Thirty-two-year-old California mom, fitness enthusiast, and former beauty queen Maria Kang probably thought she was just posting some run-of-the-mill "fitspo" or fitspiration when she posted a photo of herself on Facebook. She was in a workout bra and booty shorts, flaunting her toned body, alongside her three little sons, then aged 3 years, 2 years, and 8 months, with the caption: "What's Your Excuse?" Instead, she started a comment war -- with many of the more than 12,000 responses to the photo being hateful accusations of fat-shaming.
People got even more bent out of shape when Kang posted what she calls a "non-apology" ...
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I'm sorry you took an image and resonated with it in such a negative way. I won't go into details that I struggled with my genetics, had an eating disorder, work full time owning two businesses, have no nanny, am not naturally skinny and do not work as a personal trainer. What I WILL say is this. What you interpret is not MY fault. It's yours. The first step in owning your life, your body and your destiny is to OWN the thoughts that come out of your own head. I didn't create them. You created them. So if you want to continue 'hating' this image, get used to hating many other things for the rest of your life.
BRAVO to that! Although getting defensive probably wasn't the wisest move, Kang shouldn't have felt compelled to apologize at all. Nothing about her original post could be considered fat-shaming. She didn't say or even mean to portray something like, "You moms who don't work out are gross, lazy, fat asses." She was saying you can and should make fitness a part of your life even when you're a busy mom -- and she's not even the first mom to say that!
Jillian Michaels, who is notoriously tough on everyone for their excuses, told us back in April that even she has struggled with maintaining her fitness regimen since becoming a mom, but, at the same time, "it's a form of medicine, and if you want to have your best body, sure, you need to work out. And if you're eating well 80 percent of the time, then basically, you set yourself up for not having to work out as often. And then, when you do exercise, if you incorporate some key fitness techniques, you can make a half an hour count like it's 60."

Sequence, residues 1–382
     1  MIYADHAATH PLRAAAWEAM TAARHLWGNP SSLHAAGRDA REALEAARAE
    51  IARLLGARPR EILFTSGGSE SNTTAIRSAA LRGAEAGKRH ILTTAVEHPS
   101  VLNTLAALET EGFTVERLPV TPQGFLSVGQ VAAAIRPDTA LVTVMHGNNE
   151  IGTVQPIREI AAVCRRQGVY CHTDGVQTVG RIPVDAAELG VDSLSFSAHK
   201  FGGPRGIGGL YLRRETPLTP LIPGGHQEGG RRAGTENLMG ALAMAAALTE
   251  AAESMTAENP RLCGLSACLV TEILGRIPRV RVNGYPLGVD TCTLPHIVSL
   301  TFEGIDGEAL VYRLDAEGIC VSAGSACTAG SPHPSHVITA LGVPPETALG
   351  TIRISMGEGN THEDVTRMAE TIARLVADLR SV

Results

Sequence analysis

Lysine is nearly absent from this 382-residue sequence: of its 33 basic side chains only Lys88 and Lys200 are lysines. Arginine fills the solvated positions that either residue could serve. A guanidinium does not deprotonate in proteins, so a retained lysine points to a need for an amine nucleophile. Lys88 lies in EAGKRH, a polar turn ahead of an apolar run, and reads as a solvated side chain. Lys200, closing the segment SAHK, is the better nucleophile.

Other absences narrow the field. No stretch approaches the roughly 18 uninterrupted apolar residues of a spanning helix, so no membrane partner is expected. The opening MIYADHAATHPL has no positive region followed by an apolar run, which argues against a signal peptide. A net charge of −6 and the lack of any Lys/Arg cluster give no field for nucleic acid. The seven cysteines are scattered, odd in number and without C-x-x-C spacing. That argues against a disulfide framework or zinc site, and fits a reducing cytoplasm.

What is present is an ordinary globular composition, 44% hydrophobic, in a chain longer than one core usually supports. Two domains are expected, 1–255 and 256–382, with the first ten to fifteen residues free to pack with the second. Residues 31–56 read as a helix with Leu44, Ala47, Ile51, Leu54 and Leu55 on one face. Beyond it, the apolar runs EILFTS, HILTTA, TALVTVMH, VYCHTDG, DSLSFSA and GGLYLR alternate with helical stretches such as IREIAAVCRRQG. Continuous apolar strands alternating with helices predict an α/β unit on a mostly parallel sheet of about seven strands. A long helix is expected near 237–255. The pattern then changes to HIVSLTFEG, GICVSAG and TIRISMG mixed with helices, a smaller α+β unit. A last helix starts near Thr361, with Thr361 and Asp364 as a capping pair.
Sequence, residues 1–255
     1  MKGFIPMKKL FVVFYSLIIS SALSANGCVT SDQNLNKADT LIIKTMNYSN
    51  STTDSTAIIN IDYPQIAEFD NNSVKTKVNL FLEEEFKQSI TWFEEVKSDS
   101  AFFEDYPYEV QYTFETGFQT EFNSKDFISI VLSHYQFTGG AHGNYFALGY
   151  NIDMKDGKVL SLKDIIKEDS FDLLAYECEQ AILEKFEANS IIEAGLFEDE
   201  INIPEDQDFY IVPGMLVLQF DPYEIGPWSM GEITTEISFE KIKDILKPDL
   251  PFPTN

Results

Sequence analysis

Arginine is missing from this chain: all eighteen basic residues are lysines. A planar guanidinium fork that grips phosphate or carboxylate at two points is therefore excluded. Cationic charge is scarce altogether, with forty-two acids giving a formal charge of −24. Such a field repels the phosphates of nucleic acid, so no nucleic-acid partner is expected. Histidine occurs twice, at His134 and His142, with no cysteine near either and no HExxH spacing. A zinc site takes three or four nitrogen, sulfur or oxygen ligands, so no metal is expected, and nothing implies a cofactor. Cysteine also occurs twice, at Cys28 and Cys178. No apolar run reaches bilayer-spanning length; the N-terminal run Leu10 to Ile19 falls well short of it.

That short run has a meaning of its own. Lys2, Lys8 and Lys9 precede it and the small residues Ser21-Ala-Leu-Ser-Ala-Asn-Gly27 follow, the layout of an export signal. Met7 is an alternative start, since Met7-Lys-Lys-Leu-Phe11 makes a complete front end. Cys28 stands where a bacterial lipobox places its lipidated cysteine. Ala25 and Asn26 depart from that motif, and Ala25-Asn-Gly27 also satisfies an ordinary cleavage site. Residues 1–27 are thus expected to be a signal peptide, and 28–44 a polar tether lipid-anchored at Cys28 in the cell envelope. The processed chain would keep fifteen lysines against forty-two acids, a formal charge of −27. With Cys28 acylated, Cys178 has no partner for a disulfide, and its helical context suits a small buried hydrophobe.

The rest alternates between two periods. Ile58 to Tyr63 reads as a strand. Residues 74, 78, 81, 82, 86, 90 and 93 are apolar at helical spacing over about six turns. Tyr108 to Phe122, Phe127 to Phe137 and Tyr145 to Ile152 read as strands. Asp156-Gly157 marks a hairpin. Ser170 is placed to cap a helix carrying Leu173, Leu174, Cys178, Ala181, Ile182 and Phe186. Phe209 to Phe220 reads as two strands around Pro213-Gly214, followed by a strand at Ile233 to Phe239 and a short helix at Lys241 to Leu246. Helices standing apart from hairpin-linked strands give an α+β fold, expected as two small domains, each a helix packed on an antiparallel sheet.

That's exactly how I feel -- and I'm sure Kang feels -- about fitness. But when we see the picture of her with her little ones, bangin' body, and that in-your-face question, it's natural to react in an intense, potentially negative way, especially if you're not feeling so great about your own body. I'm sure that I'd feel very differently if I was currently feeling out of control with my own personal fitness goals. Of course our perspectives are colored by own unique challenges.
But as Jillian also told me, prioritizing fitness has to do with shifting our perspective. Realizing that dragging your ass to the gym or jumping on a treadmill during the baby's 20-minute nap doesn't necessarily have to be about trying to look like Kang. It can mean doing what you know you've gotta do to "be around for your daughter's daughter to be born. Or not being on the sidelines of your kid's life," as Jillian put it.
Personally, when I am a mom, I know finding a way to work out no matter on a regular basis will be integral to keeping me feeling good about myself and feeling good period. I have to keep my core strong, so my bad back doesn't give out on me when I'm lifting my baby. I have to boost my metabolism for sustainable energy to play and keep up with my baby. I'll have to work out to be a healthier, happier, better mom. Those are my motivations -- my reasons for avoiding excuses.
Which really makes me feel like by posting that photo, Kang didn't mean any harm; she just could have been a bit less abrasive. Instead of "What's your excuse?" maybe we all need to be asking ourselves "What's your motivation?"
How do you feel about Kang's photo and "non-apology"?
Going to baseball games
Riding bike rides in the nice weather
Playing outside after work/school
Going for walks outside